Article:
They always say not to meet your heroes because you'll be disappointed, but the Blackbird does not disappoint in the slightest. Being able to sit where these pilots were so many years ago and listen to the history and first hand accounts from pilots, radio officers, and maintenance personnel was unbelievable. The museum was very open with the aircraft and allowed the crew to take us up close and personal with the whole underside of the airplane and to see, feel, and experience every piece of the aircraft. It was a short five and a half hours, but I could have experienced the aircraft and listened to these men for a week and never grown bored! I'll post some pictures as soon as the Air Zoo shares them with the rest of us. I devoted my time to experiencing the night, and left it to the professionals to record it.
Gotta love bush planes.
This past weekend was the Blue Angels Homecoming end-of-season air show at Pensacola Naval Air Station. Friday's weather was dark overcast, but with a high ceiling so we got everyone's full show. Very chilly and stiff north wind right in our faces, though, for which I was not prepared. I dumped a half day's pay (not really, but it sure felt like it!) to get a Top Gun hoodie sweatshirt at one of the vendor booths. Saturday's weather was absolutely clear and calm, and much warmer. I arrived both days about lunchtime.
First thing I saw on Friday was the F-16 demonstration. I actually haven't seen the F-16 for a while, so that was fun.
He also started the twilight-night show late in the afternoon, not quite dark, but dark enough to emphasize the afterburner flame
A surprise demonstration was the Navy's F-35C full demo, not listed on the show's website or in the printed programs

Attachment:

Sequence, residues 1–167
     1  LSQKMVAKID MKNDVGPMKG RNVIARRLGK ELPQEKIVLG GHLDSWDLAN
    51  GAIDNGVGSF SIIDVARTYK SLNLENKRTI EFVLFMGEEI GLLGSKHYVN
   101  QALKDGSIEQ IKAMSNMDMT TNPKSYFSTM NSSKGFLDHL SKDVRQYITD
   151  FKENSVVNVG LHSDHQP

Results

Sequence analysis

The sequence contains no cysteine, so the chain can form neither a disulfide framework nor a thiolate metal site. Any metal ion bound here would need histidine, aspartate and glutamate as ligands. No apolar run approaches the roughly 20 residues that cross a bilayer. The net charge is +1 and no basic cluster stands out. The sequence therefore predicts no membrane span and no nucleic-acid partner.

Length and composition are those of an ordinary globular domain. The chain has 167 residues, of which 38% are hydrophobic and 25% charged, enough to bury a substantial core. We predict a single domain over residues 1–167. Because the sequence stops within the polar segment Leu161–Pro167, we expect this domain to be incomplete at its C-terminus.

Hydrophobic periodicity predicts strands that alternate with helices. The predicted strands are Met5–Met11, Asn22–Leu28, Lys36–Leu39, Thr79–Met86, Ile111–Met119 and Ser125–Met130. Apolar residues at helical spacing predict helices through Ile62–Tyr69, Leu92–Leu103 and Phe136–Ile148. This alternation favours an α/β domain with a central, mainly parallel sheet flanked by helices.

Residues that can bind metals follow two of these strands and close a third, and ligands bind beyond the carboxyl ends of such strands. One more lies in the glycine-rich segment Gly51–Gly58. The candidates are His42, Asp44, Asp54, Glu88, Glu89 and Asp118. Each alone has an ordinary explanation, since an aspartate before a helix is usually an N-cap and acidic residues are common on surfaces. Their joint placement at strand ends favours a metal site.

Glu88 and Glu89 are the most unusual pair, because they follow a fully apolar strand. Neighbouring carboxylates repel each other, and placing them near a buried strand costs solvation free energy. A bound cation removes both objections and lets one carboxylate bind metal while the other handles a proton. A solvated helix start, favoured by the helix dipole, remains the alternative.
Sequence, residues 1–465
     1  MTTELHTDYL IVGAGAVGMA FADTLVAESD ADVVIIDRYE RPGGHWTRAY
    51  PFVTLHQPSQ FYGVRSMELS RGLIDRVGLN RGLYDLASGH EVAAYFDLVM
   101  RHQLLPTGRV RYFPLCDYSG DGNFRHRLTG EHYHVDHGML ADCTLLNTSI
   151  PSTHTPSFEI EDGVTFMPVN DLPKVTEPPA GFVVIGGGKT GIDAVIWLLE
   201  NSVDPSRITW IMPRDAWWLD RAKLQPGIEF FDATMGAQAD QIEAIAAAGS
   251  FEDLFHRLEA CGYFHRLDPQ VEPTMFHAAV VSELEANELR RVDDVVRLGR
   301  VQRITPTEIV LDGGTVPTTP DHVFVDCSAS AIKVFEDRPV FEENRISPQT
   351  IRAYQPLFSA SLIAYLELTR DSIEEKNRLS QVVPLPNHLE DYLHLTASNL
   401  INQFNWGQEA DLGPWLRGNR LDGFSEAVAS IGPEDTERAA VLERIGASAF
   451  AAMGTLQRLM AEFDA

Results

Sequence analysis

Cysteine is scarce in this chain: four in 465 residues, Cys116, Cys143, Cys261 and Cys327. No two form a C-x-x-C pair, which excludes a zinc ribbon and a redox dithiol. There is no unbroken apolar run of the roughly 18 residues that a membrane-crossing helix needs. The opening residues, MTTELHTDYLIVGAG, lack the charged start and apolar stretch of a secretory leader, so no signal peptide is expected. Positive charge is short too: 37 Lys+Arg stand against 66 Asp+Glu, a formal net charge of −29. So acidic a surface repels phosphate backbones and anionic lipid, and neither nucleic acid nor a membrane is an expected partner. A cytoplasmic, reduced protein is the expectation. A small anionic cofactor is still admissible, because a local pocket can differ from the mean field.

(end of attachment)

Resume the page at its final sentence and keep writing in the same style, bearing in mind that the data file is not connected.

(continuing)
...and pulling up from that!
His "visor" is a VR headset, and when in use, his view of the world is as if suspend in space. He looks around and doesn't see the airplane's interior, but what's outside, in any direction. The announcer described it as 10K video.
#6 did not fly, so they only had the one solo. No reason was given, and I've learned that #6 also did not fly last week's demonstration. There is a point at the show where the solos do "sneak" passes, #5 very low and fast from the left, immediately followed by #6 from behind the crowd. In this show, #5 did #6's behind-the-crowd sneak at an earlier point in the show, so we still got to see it. A nice job by the team to rearrange and keep elements in the show.
#5 did his regular low-and-fast pass at the normal part of the show:
He also did another pass later on, low, fast, and in a turn, unannounced by the narrator, so I'll call it another sneak pass.
On Friday there was the twilight/night show, with aircraft showing lights and pyrotechnics
Of course, the jet truck!
And its race, the two RV8s throwing sparklers and fireworks as they ran down the runway, the jet truck catching up to them right at the end.
So the plane suffered a failure with the landing gear retraction, yet they show a picture of a plane with fixed gear.